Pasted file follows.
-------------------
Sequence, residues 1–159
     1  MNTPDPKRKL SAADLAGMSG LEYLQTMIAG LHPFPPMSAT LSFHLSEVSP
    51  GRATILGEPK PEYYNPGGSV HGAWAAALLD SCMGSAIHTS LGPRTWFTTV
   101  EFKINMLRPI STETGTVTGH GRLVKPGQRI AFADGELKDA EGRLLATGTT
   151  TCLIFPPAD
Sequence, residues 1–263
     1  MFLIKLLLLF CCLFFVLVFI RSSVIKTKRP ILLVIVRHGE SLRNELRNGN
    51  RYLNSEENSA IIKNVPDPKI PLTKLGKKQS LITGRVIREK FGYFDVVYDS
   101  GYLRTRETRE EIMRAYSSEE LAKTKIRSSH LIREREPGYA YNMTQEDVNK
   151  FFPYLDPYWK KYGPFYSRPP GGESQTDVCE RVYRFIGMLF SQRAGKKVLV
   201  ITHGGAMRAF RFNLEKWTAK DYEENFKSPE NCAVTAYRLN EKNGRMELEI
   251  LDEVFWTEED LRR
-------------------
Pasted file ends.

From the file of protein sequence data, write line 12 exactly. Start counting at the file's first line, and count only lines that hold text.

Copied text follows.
   251  LDEVFWTEED LRR